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Take $r=0$. Let $G=\langle a_1\rangle \times ...\times \langle a_n\rangle, \langle a_i\rangle$ infinite cyclic. $G$ is generated by $n$ elements and all relations in $A$ are relations in $G$. Therefor by von Dyck's theorem there is an epimorphism from $A$ to $G$. But $G$ is infinite and so, $A$ is infinite too.

For the case $r>0$ I have been unable to find a proof. I don't want a solution. I only ask for a hint which allows me to begin working in the problem.

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    $\begingroup$ As a further hint, try defining a nontrivial homomorphism from $A$ to the infinite cyclic group $\langle t \rangle$. So each $x_i$ is mapped to $t^{n_i}$ for some $n_i \in {\mathbb Z}$ and, to apply von Dyck's theorem, the images must satisfy the relations of $A$. So we end up with a system of $r$ linear equations that the $n_i$ must satisfy. $\endgroup$ – Derek Holt Jan 13 '20 at 8:13
  • $\begingroup$ I define $\lambda: A\to \langle t\rangle$ in the following way: given $g\in A$ write $g$ in normal form, $g=y_1...y_k$ where $y_i\in X=\{x_1,...,x_n\}$. And I write $g\lambda=t^1...t^k$. By the uniqueness of the normal form $\lambda$ is well defined. $\endgroup$ – stf91 Jan 13 '20 at 17:16
  • $\begingroup$ I MADE A MISTAKE. $g$ is in reduced form, $g=y_1^{\epsilon_1},...,y_k^{\epsilon_k}$. Now, for instance, $(x_2x_5x_2)\lambda=(x_2^2x_5)\lambda=t^4t^5=t^2t^5t^2=(x_2\lambda)(x_5\lambda)(x_2\lambda)$, showing $\lambda$ is a homomorphism. But there is a difficulty. Suppose $x_1x_2=1$ is a relation. Then $t^3=t t^2=(x_1\lambda)(x_2\lambda)= (x_1x_2)lambda=1\lambda=1$ and $t$ has finite order! What am I doing wrong? $\endgroup$ – stf91 Jan 13 '20 at 17:39
  • $\begingroup$ Suppose I prove the existence of a homomorphism $\alpha:A\to \langle t\rangle$. Then, for instance, if $x_1^2x_2=1$ in $A$, then $t^{2n_1+n_2}=t^{2n_1}t^n_2=(x_1^2x_2)\alpha=1\alpha=1$. But $t$ has infinite order. Therefor $2n_1+n_2=0$. In this way I end up with a system with less equations than unknowns. Such a system, when the $n_i$ belong to field, has infinitely many solutions. I don't know what happens in a ring (the ring $Z$). Anyway, suppose there are infinitely many solutions in $Z$. The set of all these solutions (n-plas in $Z$) constitute a $Z$-module. What do I do now? $\endgroup$ – stf91 Jan 13 '20 at 20:25
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    $\begingroup$ Once you know that there is a nonzero solution you are done. $\endgroup$ – Derek Holt Jan 13 '20 at 20:37
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Hint: $A$ is an abelian group, so think of it as a $\Bbb Z$-module. $A$ can be presented as the quotient of $\Bbb Z^n$ by the (free) submodule generated by the $r$ relations.

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  • $\begingroup$ The presentation given in the problem is an epimorphism from a free group $F$ onto $A$. You mean $F$ is free abelian? $\endgroup$ – stf91 Jan 12 '20 at 20:33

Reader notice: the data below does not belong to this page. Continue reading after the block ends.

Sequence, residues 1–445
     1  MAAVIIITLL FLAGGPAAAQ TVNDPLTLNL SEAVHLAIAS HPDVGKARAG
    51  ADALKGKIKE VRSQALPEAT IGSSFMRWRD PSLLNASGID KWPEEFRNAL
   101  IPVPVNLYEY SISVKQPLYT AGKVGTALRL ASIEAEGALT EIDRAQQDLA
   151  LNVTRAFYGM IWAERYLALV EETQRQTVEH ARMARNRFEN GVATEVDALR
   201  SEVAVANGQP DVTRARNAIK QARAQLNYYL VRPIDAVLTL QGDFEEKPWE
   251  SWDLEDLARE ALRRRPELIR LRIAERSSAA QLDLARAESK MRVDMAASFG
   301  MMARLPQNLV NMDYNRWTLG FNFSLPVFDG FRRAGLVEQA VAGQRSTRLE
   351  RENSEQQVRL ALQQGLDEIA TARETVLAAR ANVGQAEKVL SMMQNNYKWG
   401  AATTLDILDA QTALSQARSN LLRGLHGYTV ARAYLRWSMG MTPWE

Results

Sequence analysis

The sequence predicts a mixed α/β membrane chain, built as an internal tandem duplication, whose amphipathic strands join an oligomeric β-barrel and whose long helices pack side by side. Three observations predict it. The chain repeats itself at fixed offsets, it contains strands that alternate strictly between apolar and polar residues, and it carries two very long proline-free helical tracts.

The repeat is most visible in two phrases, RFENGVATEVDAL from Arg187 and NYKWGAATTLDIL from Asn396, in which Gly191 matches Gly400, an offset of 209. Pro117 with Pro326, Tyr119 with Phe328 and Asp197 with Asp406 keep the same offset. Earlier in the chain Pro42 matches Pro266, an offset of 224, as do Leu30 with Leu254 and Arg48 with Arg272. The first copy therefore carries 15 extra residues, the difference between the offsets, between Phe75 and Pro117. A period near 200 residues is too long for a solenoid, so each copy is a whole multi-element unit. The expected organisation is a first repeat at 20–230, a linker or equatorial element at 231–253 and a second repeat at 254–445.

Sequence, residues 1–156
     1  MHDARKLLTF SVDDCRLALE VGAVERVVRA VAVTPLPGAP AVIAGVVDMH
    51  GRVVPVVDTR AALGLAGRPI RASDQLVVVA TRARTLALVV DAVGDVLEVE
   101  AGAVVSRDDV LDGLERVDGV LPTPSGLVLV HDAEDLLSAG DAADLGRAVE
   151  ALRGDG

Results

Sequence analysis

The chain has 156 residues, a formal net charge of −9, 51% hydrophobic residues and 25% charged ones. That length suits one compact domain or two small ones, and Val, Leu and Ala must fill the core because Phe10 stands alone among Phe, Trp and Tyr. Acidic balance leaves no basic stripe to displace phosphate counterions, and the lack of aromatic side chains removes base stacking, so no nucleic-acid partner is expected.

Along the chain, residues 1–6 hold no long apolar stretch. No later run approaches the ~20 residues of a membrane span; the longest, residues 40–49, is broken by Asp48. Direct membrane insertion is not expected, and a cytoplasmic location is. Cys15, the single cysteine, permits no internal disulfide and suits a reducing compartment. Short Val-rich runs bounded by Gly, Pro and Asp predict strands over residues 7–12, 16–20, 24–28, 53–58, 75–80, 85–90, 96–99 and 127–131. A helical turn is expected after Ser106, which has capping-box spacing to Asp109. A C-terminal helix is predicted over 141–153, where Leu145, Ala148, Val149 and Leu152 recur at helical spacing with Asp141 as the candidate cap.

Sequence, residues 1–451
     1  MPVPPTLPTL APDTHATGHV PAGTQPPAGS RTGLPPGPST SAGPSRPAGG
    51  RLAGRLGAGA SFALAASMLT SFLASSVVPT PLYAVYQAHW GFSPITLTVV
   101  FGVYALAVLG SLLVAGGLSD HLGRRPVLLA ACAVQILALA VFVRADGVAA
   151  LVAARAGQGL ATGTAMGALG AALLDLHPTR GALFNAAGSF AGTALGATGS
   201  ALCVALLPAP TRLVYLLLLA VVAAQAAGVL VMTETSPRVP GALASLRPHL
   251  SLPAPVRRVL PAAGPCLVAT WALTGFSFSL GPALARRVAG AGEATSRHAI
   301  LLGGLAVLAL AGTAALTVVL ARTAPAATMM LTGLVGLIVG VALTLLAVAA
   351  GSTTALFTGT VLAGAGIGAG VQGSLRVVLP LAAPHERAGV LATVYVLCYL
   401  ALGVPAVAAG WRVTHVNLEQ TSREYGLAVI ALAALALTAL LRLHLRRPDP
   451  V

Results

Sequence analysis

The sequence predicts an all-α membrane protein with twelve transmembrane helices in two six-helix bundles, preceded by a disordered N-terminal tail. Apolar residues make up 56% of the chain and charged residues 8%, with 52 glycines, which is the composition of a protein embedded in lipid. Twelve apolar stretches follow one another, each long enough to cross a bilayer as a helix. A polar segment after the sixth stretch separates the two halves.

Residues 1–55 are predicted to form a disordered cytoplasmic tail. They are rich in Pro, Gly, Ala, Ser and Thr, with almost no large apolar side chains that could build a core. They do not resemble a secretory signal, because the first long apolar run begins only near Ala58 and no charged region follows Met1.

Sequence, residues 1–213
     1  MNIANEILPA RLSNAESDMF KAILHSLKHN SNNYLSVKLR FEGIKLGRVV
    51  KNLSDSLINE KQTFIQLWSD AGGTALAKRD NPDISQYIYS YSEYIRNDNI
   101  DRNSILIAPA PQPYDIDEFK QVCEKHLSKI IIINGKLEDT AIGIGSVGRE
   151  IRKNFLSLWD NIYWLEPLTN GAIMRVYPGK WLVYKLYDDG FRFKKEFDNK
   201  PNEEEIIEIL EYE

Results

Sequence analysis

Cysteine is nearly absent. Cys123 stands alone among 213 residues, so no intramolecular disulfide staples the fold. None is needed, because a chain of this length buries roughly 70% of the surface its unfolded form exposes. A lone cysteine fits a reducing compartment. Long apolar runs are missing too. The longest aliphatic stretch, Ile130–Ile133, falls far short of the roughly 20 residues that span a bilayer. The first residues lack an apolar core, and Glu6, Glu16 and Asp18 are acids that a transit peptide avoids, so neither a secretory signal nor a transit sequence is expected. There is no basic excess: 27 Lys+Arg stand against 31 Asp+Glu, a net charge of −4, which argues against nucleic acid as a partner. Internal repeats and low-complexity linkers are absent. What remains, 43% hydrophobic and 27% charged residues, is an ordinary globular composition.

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    $\begingroup$ Because we already know that $A$ is abelian, we can interpret the setup in the problem as an epimorphism from the free abelian group onto $A$. $\endgroup$ – Ben Grossmann Jan 12 '20 at 20:35
  • $\begingroup$ Hum... $A=F/R$ where $R$ is the normal closure of the set consisting in the relations. That $F/R$ is abelian does not mean $F$ is abelian. The relations $[x_i,x_j]=1$ are to be interpreted as $[x_i,x_j]\in R$. Why is $F$ abelian? $\endgroup$ – stf91 Jan 13 '20 at 16:52
  • $\begingroup$ Let $F$ denote the free group on $n$ elements. Define $\tilde F$ to be $F/S$ where $S$ is the normal closure of the relations $[x_i,x_j] = 1$. $A$ can be presented as $\tilde F/R$, where $R$ is the subgroup of $\tilde F$ generated by the $r$ remaining relations $\endgroup$ – Ben Grossmann Jan 13 '20 at 17:08
  • $\begingroup$ I understand, though I can't see the details. $\bar F$ is a presentation of the free abelian group of rank $n$. So, $\bar F$ itself is free abelian. Let $X=\{x_1,...,x_n\}$ and $s_1(x),...,s_r(x)$ the remaining relations. Then $R=\langle s_1(x)S,...,s_r(x)S\rangle$. And $A$ has the presentation $A=\langle X\mid s_1(x)S,...,s_r(x)S\rangle$. Am I right? $\endgroup$ – stf91 Jan 13 '20 at 18:34
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I get it. I have $G=\langle m_1,...,m_n\mid s_i(m)\rangle$ where the $s_i$ are the same relations as in $A$. For instance, if $2x_1+x_2=0$ is a relation in $A$ then $2m_1+m_2=0$ is a relation in $G$. So $G$ is a subgroup of $Z$ and, as such, it is infinite. Now von Dyck gives an epimorphism $\beta:A\to G$ and $A$ is infinite.

However, how do I define the homomorphism $\alpha:A\to \langle t\rangle$?

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